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2.3.3. Flexibility and Rigidity
Nature is, on the whole, pretty floppy. It achieves rigidity in the skeletons of its structures, but mostly it finds flexibility a more useful proposition for many purposes. The human world, on the other hand, is full of rigid structures. When nature puts rigidity on the outside, as with the crab’s shell, it also limits the ability of its inhabitant to grow (in fact, the only natural shape that allows ongoing growth is the snail’s spiral shell). We are not constricted by such concerns.
When you need flatness, it is a dilemma if you also want lightness and rigidity. Nature overcomes this effect in several ways, for example when it wants to keep a leaf open. Simple curvature quickly makes a flat item more rigid. Solid veins on the underside of the leaf may hold it open. Folded ridges also work, for example where a fold down the middle also helps long thin leaves. Insect wings use all three principles for unbeatable lightness and strength.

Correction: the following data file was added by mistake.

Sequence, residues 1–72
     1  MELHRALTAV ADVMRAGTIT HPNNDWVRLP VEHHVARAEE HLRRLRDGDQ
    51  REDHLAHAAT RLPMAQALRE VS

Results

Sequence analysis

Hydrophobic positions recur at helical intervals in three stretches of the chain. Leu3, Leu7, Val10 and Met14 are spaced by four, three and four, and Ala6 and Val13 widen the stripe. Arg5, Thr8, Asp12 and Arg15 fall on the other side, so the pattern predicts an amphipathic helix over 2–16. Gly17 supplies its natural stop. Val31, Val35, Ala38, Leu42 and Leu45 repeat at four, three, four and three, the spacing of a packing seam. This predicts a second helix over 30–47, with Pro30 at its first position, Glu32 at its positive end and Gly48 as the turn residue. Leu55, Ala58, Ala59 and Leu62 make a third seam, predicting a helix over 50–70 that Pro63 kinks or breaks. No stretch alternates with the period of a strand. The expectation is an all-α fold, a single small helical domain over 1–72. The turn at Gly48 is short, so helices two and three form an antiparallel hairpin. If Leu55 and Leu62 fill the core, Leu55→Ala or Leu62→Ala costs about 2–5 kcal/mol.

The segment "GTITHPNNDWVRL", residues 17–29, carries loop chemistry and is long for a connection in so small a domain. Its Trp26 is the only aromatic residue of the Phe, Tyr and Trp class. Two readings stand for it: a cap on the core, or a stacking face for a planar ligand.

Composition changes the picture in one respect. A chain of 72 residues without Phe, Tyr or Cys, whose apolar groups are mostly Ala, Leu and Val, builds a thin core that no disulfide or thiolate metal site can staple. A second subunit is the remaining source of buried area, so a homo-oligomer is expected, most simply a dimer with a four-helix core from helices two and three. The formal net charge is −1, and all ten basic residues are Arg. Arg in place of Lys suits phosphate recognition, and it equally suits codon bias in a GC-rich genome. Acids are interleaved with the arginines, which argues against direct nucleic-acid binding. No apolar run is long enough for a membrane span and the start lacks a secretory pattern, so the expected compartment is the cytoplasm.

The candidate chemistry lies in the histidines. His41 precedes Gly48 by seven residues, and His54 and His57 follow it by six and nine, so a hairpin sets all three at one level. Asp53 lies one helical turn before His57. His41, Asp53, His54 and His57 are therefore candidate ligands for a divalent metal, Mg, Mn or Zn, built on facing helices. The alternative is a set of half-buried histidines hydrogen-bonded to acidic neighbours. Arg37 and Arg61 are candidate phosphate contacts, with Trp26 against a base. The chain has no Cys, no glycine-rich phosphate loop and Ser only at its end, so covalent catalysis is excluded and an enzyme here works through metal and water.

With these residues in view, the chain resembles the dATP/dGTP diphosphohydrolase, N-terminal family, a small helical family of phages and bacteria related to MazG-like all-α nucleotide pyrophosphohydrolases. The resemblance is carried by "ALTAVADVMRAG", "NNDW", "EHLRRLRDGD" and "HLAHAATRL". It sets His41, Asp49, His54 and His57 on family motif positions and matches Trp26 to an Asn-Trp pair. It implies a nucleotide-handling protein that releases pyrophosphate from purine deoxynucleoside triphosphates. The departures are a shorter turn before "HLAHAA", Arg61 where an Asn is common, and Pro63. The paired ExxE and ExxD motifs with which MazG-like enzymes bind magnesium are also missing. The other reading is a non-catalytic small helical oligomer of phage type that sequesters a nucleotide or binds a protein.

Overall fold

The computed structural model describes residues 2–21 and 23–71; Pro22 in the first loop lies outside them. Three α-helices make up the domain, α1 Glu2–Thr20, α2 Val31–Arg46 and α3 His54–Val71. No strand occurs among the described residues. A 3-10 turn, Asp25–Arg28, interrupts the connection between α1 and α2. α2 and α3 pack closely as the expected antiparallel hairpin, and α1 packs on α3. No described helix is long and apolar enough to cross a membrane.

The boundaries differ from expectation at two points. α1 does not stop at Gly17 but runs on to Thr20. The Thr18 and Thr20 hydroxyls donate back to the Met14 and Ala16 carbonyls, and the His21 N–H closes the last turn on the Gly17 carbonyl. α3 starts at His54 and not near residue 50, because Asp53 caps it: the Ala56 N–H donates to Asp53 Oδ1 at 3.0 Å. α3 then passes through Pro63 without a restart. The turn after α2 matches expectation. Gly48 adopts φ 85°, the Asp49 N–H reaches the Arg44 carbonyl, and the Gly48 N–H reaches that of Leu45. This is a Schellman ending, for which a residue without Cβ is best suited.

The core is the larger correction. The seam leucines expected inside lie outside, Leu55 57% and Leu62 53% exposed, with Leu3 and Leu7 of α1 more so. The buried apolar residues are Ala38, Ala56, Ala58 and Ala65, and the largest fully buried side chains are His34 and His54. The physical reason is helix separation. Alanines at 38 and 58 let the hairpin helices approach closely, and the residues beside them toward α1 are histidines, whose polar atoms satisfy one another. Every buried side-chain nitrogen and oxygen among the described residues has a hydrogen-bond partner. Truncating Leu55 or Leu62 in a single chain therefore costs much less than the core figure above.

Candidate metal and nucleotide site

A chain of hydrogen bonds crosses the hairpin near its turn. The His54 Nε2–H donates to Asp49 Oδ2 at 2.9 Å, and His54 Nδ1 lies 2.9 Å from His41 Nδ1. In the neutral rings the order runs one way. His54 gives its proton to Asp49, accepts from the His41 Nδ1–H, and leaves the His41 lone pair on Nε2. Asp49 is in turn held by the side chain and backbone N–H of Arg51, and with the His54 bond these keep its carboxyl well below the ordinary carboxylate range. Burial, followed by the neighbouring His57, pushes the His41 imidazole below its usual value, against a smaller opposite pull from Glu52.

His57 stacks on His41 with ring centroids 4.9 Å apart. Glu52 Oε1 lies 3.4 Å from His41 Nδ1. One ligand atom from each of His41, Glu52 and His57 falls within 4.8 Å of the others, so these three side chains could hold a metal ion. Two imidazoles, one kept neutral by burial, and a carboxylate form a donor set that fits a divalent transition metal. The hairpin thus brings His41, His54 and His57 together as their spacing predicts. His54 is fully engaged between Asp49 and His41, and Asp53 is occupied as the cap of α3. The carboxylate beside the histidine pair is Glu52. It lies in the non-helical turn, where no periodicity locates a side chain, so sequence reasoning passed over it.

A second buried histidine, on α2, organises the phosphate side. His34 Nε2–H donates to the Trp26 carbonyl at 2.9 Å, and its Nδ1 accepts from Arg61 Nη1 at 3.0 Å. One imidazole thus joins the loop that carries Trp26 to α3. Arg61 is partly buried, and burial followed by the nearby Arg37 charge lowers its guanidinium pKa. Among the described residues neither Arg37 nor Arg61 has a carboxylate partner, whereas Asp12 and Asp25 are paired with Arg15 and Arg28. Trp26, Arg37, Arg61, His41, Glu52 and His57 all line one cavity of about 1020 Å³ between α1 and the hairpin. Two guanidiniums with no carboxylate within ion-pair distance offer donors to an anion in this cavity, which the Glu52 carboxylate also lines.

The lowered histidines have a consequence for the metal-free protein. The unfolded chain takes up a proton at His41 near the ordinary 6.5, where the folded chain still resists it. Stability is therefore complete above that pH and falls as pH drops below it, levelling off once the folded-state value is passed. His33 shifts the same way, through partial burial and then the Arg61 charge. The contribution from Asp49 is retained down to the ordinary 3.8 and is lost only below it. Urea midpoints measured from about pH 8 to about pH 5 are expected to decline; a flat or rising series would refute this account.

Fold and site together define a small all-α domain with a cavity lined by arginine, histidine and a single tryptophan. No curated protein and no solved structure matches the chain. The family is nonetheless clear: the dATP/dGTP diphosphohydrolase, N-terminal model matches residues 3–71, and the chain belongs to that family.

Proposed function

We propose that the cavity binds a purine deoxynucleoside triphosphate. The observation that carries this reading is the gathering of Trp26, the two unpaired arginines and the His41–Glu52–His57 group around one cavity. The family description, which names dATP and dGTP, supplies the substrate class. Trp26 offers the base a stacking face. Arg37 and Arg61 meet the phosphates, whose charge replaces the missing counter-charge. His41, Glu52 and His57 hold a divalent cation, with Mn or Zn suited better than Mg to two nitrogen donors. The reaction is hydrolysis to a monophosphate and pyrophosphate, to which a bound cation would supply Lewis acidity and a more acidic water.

Fig. 2.7 Achieving rigidity in a light structure
People generally design things to be rigid and unmoving, whilst nature tends to design things to bend, but not break. Rigidity in structures leads to hot spots of high internal forces and vulnerability to external forces. With careful design, the structure may be allowed to move in a way that shifts forces, safely channelling them into the ground and away from weak points. Thus earthquake-proofed buildings can move and vehicle suspension absorbs much of the bumping that plagued earlier rigid carriages. Veterinarian John Dunlop used the flexibility of a rubber hose to ease the ride of his child’s cycle and thus invented the pneumatic tyre.
As mankind continues to copy nature in our inventions, we are gradually adopting
more flexibility. For example, in the chilly future of smart weapons,
self-steering bullets use contracting tendons to change the direction of the
little nosecone to ensure the bullet hits its mark.
Other parts in this sub-section:
Other sections in this chapter: